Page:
Search results

1 – 8 of 8
To view the access options for this content please click here
Article
Publication date: 11 March 2019

Sharon Bird and Melissa Latimer

The purpose of this paper is to examine two types of departmental interventions focused on creating healthier and more equitable academic departments as well as enhancing…

Abstract

Purpose

The purpose of this paper is to examine two types of departmental interventions focused on creating healthier and more equitable academic departments as well as enhancing faculty members’ capacity for collective dialogue, goals and work. Both interventions were informed by the “dual-agenda” approach and focused on targeted academic units over a prolonged period.

Design/methodology/approach

This paper uses a variety of qualitative and quantitative data (including National Science Foundation (NSF) ADVANCE indicator data) to assess the potential of dual-agenda informed interventions in reducing gendered structures and gendered dynamics.

Findings

The authors outline essential components of a dual-agenda model for maximizing success in creating more gender equitable work organizations and discuss why the authors are more optimistic about the dual-agenda approaches than many past researchers have been in terms of the potential of the dual-agenda model for promoting more equal opportunities in work organizations.

Originality/value

Most previous dual-agenda projects referenced in the literature have been carried out in non-academic contexts. The projects examined here, however, were administered in the context of multiple academic departments at two medium-sized, public US universities. Although other NSF ADVANCE institutional transformation institutions have included extensive department-focused transformation efforts (e.g. Brown University, Purdue University and Syracuse University), the long-term benefits of these efforts are not yet fully understood; nor have systematic comparisons been made across institutions.

Details

Equality, Diversity and Inclusion: An International Journal, vol. 38 no. 2
Type: Research Article
ISSN: 2040-7149

Keywords

To view the access options for this content please click here
Book part
Publication date: 6 October 2014

Melissa Latimer, Kasi Jackson, Lisa Dilks, James Nolan and Leslie Tower

To implement and assess an intervention designed to promote gender equity and organizational change within STEM departments in two Colleges at a single Research High…

Abstract

Purpose

To implement and assess an intervention designed to promote gender equity and organizational change within STEM departments in two Colleges at a single Research High university. Department climate impacts the retention and success of women faculty.

Methodology/approach

A survey was administered both before and after the department intervention in order to capture departmental change on variables that measure a positive climate for female faculty.

Findings

Across all of the science and engineering departments, levels of Collective Efficacy toward Gender Equity significantly increased while levels of Conflict significantly decreased after the department facilitation. In the science departments, the level of Vicarious Experience of Gender Equity among faculty significantly increased while in the engineering departments levels of faculty Dependence significantly decreased. There was a statistically significant decrease in Optimism about Gender Equity among the science faculty.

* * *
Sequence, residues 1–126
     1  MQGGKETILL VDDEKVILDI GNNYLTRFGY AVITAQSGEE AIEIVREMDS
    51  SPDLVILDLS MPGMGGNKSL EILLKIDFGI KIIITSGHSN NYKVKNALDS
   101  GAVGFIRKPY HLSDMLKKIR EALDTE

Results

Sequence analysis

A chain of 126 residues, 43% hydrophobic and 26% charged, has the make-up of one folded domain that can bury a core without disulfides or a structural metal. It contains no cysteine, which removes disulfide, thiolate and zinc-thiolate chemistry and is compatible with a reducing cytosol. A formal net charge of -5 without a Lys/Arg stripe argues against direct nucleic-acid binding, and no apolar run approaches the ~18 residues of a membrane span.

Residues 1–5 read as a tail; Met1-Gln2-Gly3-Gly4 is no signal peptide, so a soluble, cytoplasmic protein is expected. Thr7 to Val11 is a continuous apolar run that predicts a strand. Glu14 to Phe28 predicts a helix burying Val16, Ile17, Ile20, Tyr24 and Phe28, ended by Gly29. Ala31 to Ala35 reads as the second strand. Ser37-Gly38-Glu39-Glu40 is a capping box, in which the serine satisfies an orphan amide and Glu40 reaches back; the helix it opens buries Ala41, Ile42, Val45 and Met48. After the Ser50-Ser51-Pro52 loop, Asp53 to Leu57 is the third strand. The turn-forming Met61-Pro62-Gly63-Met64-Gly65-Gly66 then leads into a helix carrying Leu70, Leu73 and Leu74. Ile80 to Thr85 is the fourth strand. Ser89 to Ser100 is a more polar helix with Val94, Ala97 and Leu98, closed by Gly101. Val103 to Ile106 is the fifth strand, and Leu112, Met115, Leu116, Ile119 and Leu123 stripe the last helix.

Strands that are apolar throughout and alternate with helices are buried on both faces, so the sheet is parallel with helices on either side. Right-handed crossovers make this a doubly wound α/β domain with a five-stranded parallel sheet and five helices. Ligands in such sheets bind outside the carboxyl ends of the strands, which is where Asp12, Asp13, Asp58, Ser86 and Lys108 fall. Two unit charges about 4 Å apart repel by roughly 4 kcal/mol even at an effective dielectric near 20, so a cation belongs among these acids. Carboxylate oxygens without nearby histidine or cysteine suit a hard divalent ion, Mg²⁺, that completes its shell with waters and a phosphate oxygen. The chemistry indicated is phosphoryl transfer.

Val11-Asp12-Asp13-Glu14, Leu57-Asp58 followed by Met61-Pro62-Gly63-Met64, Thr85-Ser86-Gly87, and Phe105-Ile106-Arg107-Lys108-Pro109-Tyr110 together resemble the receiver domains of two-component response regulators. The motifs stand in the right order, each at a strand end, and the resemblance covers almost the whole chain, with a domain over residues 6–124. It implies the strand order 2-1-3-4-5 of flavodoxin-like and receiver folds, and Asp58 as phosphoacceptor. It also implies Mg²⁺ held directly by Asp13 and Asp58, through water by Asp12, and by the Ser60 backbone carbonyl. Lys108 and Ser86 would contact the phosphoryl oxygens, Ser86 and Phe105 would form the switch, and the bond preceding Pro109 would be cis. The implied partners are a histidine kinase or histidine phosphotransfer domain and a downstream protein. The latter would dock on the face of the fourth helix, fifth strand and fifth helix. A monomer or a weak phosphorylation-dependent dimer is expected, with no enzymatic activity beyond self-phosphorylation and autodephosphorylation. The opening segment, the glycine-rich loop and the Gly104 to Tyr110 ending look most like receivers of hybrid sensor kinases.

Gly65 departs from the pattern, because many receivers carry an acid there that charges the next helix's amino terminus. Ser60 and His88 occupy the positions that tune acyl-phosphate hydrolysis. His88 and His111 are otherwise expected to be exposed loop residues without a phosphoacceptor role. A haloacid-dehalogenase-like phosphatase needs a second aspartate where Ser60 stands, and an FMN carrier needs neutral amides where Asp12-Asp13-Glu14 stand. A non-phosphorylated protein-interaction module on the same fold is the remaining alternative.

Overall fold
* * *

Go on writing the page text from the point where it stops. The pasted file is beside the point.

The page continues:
Practical implications

Organizational change within universities has been documented as slow and labor intensive. Departmental climate, particularly interactions with colleagues, remains an area wherein women continue to feel excluded. The departmental intervention resulted in measurable improvements in key aspects of climate critical to women’s success (e.g., reductions in conflict and dependence; increases in collective efficacy) as well as more realistic view of the effort needed to attain gender equity (decrease in Optimism).

Details

Gender Transformation in the Academy
Type: Book
ISBN: 978-1-78441-070-4

Keywords

To view the access options for this content please click here
Book part
Publication date: 6 October 2014

Marcia Texler Segal and Vasilikie Demos

This introduction sets forth the main themes of the volume, reviews the methods employed by the contributors, and demonstrates the relationships among the chapters.

Abstract

Purpose/approach

This introduction sets forth the main themes of the volume, reviews the methods employed by the contributors, and demonstrates the relationships among the chapters.

Research implications

Each of the chapters demonstrates the gendered nature of the academy and some of the ways in which women, especially women in science, technology, engineering, and mathematics (STEM) disciplines, are disadvantaged. None of them provides complete catalogues of the issues confronting women and none reach definitive conclusions regarding the ways and means of transforming the academy. Additional research and experimentation will be required.

Practical and social implications

The gender transformation of the academy holds the promise of more opportunities for women, especially but not only in STEM disciplines and higher administration, and greater probability of balance between work and personal life for all.

Value of the chapter

The chapter serves as an overall introduction to the volume and the subject matter more generally.

To view the access options for this content please click here
Book part
Publication date: 6 October 2014

Abstract

Details

Gender Transformation in the Academy
Type: Book
ISBN: 978-1-78441-070-4

To view the access options for this content please click here
Book part
Publication date: 6 October 2014

Abstract

Details

Gender Transformation in the Academy
Type: Book
ISBN: 978-1-78441-070-4

To view the access options for this content please click here
Article